Ohhhhhhhhhhhhhhhhh SHIT.

Can I start whining now? Please?

I reeeeeeeeeeeeeeeeeeeeeally wanted to have my business in the Zona Viva!!!

So now it's not only an issue of not being able to afford it, (prices starting above $100k and that's a vacant lot, if you're lucky) but evidently even if I GET a place over there, I'm gonna have to worry about Pablo Escobar's Honduran protege messing with me?

Ayyyyyyyyyyyy... crap.


I know that it's probably not this bad, and others operate there businesses there without getting killed or (hopefully??) extorted... but bear with me here, cuz it's a day-to-day roller-coaster ride as I soak up all the info and become momentarily dramatic.

****End Disclaimer****

So back to the story - in addition to hearing about how the Zona Viva sucks and is scary and all of that, I also got some good gossip about who hates who, and whose restaurant is shitty and soforth.

In some ways, I must say that I love this. I LOVE getting the inside scoop. On the other hand, it's a bit nerve-wracking, because I'm not even THERE YET, and I see deep fissures in this small, expat community. So I cannot help but ask myself - where will I fall in all of this? Am I hearing all sides of the story? (surely not)

Will I get sucked in? (Please God, Noooo!)

I think I need to pop some good old Act II popcorn and watch Letterman or the dependable American hookers outside my building... or something... I gotta relax!

And today... Fun with Residency!

Alright people, I am so thoroughly confused on this residency business I could scream!

If I could get even JUST TWO people telling me the same thing it would be amazing...

Here's the problem in a nutshell:

I cannot figure out whether I need rentista or investor status, nor what the exact specifications/requirements/benefits are of either one. Everywhere I go I hear something different.

So I was under the impression that "rentista" residency was for people (non-retirees!) who had a documentable income stream (from outside of the country) of US$1,000 or more. (I also thought that retirees - "jubilados" - only had to have US$600)

Then I hear from another person that rentistas merely have to exchange US$1,000 into Lemps every month, and that furthermore, it doesn't even have to be monthly like clockwork, but can be spread out over time, for example if you change $5k to do something in particular, you're good for five months...

NOW, I am told that rentista status actually requires US$2,500 per month of documentable outside income.


So let's look at investor status now. What I learned from various documents scrounged up on the internet was that a potential investor had to:

a) submit all sortsa docs regarding the potential business
b) submit a refundable (AFTER ONE YEAR) US$5,000 deposit with the Ministry of Tourism
c) have invested US$25,000 in Honduras at the time of application for status, and
d) ultimately invest a minimum of US$50,000 in said business



There are a zillion questions rolling around in my mind about all of the above, so I decided to email some people and enquire about their own experiences. I received a hodge-podge of different answers, but the vast majority of people simply said:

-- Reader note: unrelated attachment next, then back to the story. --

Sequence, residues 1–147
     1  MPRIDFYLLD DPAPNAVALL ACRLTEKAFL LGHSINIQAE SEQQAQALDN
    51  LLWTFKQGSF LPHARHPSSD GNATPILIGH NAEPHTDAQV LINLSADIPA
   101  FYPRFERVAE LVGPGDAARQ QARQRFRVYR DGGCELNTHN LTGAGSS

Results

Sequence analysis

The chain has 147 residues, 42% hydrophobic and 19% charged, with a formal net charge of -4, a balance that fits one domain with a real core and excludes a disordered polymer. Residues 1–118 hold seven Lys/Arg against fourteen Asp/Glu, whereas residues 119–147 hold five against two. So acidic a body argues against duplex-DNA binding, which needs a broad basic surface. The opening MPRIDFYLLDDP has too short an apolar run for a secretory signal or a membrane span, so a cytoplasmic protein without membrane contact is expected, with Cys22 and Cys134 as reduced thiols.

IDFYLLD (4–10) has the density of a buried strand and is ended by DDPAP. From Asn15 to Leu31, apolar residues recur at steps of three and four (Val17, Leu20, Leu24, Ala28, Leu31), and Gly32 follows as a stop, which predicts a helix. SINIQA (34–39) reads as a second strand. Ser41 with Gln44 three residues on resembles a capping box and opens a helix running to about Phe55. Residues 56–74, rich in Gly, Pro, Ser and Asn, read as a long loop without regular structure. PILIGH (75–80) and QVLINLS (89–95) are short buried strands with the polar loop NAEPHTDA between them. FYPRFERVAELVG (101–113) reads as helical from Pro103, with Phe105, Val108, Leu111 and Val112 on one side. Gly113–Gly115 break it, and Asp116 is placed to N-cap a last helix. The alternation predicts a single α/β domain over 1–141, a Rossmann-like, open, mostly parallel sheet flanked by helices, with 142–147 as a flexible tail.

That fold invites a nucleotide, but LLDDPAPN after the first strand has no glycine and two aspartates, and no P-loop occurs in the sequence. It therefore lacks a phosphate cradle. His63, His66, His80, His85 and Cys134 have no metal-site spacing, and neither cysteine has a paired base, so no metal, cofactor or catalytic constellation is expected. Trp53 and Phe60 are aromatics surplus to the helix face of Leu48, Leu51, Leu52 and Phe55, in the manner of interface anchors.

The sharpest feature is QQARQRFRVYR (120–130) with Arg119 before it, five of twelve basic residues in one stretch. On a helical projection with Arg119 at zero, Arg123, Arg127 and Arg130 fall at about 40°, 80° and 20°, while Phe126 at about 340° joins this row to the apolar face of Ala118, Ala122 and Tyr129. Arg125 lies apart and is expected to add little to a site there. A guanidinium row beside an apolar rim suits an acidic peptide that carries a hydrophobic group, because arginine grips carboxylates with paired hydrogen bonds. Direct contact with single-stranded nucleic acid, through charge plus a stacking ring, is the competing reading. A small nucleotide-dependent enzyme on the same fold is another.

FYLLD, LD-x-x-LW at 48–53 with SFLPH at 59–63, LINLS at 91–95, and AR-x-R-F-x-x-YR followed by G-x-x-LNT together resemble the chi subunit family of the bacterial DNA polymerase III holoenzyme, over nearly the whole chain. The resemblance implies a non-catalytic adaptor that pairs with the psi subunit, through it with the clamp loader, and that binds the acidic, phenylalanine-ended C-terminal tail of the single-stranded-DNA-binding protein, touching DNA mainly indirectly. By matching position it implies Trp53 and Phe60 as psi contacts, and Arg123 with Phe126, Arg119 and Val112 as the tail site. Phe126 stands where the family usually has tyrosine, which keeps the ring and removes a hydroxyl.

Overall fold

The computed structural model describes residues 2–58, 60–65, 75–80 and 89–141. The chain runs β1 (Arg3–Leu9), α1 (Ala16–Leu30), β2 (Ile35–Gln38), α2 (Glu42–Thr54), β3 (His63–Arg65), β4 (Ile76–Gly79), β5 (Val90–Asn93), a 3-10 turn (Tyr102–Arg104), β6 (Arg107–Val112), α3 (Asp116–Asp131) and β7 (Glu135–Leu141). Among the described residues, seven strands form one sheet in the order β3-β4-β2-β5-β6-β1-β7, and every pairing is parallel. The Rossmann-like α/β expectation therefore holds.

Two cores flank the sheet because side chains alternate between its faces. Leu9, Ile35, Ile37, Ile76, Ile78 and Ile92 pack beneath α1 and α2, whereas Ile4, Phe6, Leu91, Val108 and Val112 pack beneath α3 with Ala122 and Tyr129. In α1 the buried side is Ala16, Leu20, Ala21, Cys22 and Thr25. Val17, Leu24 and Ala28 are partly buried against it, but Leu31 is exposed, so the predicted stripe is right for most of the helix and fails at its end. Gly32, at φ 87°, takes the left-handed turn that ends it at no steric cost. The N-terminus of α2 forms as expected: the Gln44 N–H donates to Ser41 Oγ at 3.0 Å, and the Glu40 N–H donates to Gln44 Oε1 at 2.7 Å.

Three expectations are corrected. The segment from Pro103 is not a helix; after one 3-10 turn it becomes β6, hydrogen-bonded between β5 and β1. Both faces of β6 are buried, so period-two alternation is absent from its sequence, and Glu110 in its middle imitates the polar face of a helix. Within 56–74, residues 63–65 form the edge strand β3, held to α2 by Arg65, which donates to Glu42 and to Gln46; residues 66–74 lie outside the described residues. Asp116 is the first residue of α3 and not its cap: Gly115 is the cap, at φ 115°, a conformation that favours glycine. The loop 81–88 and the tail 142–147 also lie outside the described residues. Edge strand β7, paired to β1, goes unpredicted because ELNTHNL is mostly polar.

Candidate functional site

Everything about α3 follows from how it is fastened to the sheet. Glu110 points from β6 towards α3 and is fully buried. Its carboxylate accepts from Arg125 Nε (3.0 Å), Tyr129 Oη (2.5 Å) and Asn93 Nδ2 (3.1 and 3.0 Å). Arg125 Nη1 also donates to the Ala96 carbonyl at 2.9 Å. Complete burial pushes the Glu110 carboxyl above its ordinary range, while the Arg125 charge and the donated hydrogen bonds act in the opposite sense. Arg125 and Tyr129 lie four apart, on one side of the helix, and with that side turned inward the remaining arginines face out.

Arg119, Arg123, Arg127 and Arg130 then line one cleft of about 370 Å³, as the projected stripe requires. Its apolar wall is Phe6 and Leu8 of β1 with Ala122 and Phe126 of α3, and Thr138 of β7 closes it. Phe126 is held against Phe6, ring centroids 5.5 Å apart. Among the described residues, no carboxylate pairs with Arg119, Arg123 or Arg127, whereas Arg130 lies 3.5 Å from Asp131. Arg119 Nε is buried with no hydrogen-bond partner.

"You need to contact an attorney about these issues!"

Okay, fine. Thanks.

So I emailed three different lawyers, as well as the tourism person at the DC Embassy. I just received my first response from one of the lawyers, and this was it:

It would be in your interest to file for a residency if married before, so
1) retiree=proof of $1500 monthly income
2) investor= proof of $2500 monthly income plus show $50,000 investment in Honduras
With both residencies you can bring household goods and vehicle (along with set fee for each one) and with No.1 residency you can invest in tourism/agricultural projects like anyone else.
Fees for either residency are usually $5,000 and $4,000 to set up corporations with the minimum investment (including all expenses and legal fees.)
If interested let me know. Sincerely, XXX XXXX, Attorney

Ummmmm.... what?

First of all, what happened to rentista? Is it now the same as jubilado?? And second of all, investors now have to maintain an income stream from outside of the country AS WELL AS invest $50,000??

I am soooooooooo confused....

Saturday, September 02, 2006

Exciting Times

Well it looks as though one of my tenants may end up buying my building. I'm trying not to get too excited yet, but he expressed interest immediately when I gave them all the news that I was selling, and then this morning I received an email from him confirming that his mother is going to help him with the downpayment and he will be submitting an offer next week.


I am so pleased to hear this, because I really want the future owner of this place to love it as much as I have, and to live here and take care of it. He could definitely be that person. My only concern is that he can come up with the dough... he seems confident though, so we shall see!

In other news, I have been emailing with a variety of individuals in Honduras, and am immensely gratified by the positive responses I've gotten back. I mean, I have contacted people who have NO IDEA who I am or what I'm about, and yet for the most part they have been friendly and helpful, recommending everything from attorneys, to advice on residency, to potential businesses I could purchase.




Hooray for nice people!

Friday, September 01, 2006


Uh, well, I guess I'm glad not to be in Ceiba quite yet!

A message from Marco of

It was reported in today’s edition of La Prensa that
there has been a malfunction in La Ceiba’s sewage
water system, causing a discharge of untreated sewage
water into the city’s streets and beaches. There
exists the possibility that sewage water will also
pose a threat to homes that are connected to the
municipal water system. The malfunction is due to
damaged pumps in the central collection system. The
municipal government has ordered replacement pumps,
which are estimated to cost Lps 350,000 ($18,400). The
city’s environmental health expert, Bernard Martínez
is advising people to avoid swimming in La Ceiba’s
coastal waters.